NEW YORK -- Working his way back to the field, designated hitter Travis Hafner is still hopeful of returning to the Yankees before the end of the season.
Hafner, who's been on the disabled list since July 28 with a right rotator cuff strain, is working on building his strength back up before he can start baseball activity.
"I'm good. It's gotten better every day," said Hafner, who signed a one-year contract with the Yankees in February. "Basically, we'll just continue to rehab until it's strong enough."
Without Hafner, the Yankees have rotated players at DH, including Vernon Wells, Alfonso Soriano and Alex Rodriguez.
Before going on the DL, Hafner was hitting .205 with 12 home runs and 37 RBIs, and had a .300 on-base percentage in 81 games. Hafner hit .318 with six home runs through the first month of the season, but fell into a slump that lasted until he was placed on the disabled list.
Through May, June and July, Hafner hit .167 in 59 games. His last home run came on June 25. Hafner experienced a sore shoulder in mid-May, but received a cortisone shot to relieve the pain at that time.
Hafner, 36, said he wasn't sure if the shoulder pain that cropped back up contributed to his lack of production at the plate. But he said the pain was at its worse in his last game on July 26.
"It was just a little sore at the start of that last game, and by the end of that game, it had gotten pretty bad," Hafner said. "Within a matter of a couple of hours, it just lost all strength. I don't know."
There's a chance Hafner could return to the team this season, though he said he'll have to go through a hitting program and will then probably play in some rehab games. He said he's going to be checked again once the Yankees return from their upcoming weekend series in Boston.
Right now, Hafner is completing only shoulder exercises. He said it'll at least be September by the time he returns, but is optimistic he'll be back on the field before the season is over.
"I don't have a very good feel," Hafner said, "but it's improving every day, so that's encouraging."
Despite results, Betances leaves 2013 debut confident
NEW YORK -- Dellin Betances struck out the Angels' Grant Green -- the first batter he faced in his 2013 season debut -- on three pitches to end the top of the eighth inning on Tuesday night. And it took him nearly 30 minutes to do it.
Rain began pouring down at Yankee Stadium just seconds after Betances pumped a 94-mph fastball past Green, bringing on a 26-minute delay that put the young reliever's season debut temporarily on hold.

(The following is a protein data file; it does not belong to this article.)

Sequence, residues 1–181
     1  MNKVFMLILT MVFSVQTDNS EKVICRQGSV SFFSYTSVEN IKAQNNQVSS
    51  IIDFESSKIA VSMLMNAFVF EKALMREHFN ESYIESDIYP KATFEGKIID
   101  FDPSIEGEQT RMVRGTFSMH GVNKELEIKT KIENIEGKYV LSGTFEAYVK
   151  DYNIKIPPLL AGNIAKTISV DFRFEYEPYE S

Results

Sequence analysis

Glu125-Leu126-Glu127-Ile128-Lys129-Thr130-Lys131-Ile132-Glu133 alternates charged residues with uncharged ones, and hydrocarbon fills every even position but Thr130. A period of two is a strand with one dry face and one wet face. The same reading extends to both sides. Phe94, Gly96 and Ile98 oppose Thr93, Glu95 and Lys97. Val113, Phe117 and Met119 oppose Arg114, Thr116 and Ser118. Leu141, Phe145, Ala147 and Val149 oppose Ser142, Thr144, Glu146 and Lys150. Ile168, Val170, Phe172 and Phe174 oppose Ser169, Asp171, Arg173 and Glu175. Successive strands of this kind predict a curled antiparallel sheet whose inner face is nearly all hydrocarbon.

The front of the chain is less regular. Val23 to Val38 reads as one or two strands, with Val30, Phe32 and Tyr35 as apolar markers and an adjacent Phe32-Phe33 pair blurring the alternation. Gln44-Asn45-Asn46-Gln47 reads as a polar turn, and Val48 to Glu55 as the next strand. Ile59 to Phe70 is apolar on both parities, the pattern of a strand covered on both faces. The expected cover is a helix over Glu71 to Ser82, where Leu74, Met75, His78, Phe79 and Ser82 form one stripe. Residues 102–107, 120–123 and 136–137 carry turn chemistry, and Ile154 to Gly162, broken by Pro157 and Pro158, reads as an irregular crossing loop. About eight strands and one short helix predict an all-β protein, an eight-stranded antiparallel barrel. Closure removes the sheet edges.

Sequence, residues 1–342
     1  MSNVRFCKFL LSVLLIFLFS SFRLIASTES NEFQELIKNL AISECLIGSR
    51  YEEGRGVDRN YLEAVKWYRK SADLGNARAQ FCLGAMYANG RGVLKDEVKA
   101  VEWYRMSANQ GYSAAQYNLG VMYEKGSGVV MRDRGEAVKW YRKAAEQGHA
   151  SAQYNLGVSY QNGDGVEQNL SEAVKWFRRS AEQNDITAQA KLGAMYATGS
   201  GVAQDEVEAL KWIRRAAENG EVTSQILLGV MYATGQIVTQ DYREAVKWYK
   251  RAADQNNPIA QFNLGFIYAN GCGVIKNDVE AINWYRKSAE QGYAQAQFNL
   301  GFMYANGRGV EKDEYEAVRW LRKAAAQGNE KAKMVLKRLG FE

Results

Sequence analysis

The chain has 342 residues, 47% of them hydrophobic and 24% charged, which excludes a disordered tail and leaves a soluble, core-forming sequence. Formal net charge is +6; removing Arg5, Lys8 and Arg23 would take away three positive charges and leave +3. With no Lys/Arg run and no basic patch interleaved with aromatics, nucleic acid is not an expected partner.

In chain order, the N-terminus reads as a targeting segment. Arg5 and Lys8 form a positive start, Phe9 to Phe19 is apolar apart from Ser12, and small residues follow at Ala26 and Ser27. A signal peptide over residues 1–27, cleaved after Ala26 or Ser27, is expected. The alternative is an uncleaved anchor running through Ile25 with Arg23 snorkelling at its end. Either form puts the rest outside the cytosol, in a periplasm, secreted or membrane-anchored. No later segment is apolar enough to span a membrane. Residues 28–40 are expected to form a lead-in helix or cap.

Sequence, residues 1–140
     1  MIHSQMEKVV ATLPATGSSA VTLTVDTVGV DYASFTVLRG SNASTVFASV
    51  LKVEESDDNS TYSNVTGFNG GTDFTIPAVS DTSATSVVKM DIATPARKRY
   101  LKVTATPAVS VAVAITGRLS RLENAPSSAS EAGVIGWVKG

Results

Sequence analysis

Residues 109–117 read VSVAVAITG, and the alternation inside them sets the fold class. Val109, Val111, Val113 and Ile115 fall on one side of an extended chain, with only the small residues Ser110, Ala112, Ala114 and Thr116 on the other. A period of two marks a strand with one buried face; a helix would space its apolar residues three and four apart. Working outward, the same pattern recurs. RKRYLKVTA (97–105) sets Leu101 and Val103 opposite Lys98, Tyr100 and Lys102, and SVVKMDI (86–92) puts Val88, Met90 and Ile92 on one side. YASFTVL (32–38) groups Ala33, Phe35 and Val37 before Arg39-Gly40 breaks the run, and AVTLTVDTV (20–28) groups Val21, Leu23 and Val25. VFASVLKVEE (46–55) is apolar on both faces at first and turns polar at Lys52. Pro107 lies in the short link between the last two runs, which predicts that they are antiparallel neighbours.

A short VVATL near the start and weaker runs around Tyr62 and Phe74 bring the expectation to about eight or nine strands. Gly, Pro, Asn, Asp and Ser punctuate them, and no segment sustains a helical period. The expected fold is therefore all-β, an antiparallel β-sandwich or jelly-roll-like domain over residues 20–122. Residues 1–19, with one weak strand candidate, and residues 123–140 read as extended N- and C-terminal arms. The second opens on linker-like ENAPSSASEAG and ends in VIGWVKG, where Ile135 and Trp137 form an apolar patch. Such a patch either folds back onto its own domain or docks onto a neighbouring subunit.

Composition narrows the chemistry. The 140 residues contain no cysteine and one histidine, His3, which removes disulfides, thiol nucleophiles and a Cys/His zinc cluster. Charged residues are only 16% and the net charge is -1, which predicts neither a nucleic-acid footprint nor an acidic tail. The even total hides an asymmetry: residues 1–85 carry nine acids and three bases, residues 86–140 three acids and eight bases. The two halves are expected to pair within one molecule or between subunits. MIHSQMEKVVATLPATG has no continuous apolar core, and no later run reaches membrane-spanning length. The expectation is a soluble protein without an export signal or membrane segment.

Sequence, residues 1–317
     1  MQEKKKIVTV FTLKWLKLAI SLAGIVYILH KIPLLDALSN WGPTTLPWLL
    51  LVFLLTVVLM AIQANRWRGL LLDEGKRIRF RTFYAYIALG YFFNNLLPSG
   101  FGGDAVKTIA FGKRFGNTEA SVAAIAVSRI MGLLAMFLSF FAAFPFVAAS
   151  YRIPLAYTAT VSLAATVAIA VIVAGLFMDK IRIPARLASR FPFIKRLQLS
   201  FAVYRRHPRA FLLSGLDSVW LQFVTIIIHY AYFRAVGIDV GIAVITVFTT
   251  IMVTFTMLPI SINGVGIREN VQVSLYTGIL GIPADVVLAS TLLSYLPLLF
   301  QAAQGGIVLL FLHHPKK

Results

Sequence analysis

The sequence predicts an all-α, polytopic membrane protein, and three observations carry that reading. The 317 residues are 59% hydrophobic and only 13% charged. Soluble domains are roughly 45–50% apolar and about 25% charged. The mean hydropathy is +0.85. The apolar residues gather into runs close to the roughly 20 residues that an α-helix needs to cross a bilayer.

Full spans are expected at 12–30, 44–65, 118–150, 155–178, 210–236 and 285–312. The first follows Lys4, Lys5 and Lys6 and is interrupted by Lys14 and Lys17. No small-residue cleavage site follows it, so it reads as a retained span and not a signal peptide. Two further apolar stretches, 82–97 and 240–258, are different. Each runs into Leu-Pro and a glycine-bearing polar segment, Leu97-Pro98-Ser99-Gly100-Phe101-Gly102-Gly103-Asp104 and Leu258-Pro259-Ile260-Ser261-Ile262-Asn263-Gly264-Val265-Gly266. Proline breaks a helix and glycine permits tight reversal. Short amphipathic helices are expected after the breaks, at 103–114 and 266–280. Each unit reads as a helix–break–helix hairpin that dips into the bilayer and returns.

"It was kind of weird, strange, because you wait for the day to come to pitch, and then that happens and you're like, 'Oh man,'" Betances said. "But it had no effect on me. I had enough time to warm up, and I felt good after that."
Betances got Green to swing at 94- and 97-mph fastballs after the delay to end the inning, and he got Angels catcher Chris Iannetta to strike out on four pitches to begin the ninth.
The 25-year old wouldn't record another out after that, though. Against the next five batters he faced, Betances gave up a single to Tommy Field, an RBI single to J.B. Shuck, a single to Kole Calhoun, a three-run home run to Mike Trout and a single to Mark Trumbo. He then walked Chris Nelson after getting a visit from pitching coach Larry Rothschild and was removed from the game.
Betances ended up pitching just two-thirds of an inning on Tuesday, giving up four runs on five hits and a walk.
"The results weren't as I wanted," Betances said. "I felt like I threw a lot of strikes, but I didn't mix my pitches the way I should have, probably. I felt like I threw too many fastballs. Guys up here take advantage of that."
The outcome wasn't much better than it was when he made his Major League debut in 2011, when he gave up two runs on two hits and six walks over two appearances. After Tuesday's outing, his career ERA sits at 16.20.
But his first appearance of the 2013 season will serve as a learning experience for him, he said.
"I definitely felt more confident knowing that I could throw strikes," Betances said. "I wasn't as nervous as the first time. The first time, I was so nervous. But this time, I felt better."
• Shortstop Derek Jeter took batting practice on the field again on Wednesday. He is still scheduled to go to Tampa on Thursday to continue rehabbing his strained right calf.
• Eduardo Nunez and Alfonso Soriano combined to drive in 10 runs in the Yankees' 14-7 win over the Angels on Tuesday, marking the most combined RBIs from the top two spots in the batting order in franchise history.
• On this day in Yankee history, the Yankees retired Reggie Jackson's No. 44 (1993), and set a still-standing MLB record for most double plays turned in a game with seven (1942) in a win over the Athletics.
Chris Iseman and Josh Vitale are associate reporters for MLB.com. This story was not subject to the approval of Major League Baseball or its clubs.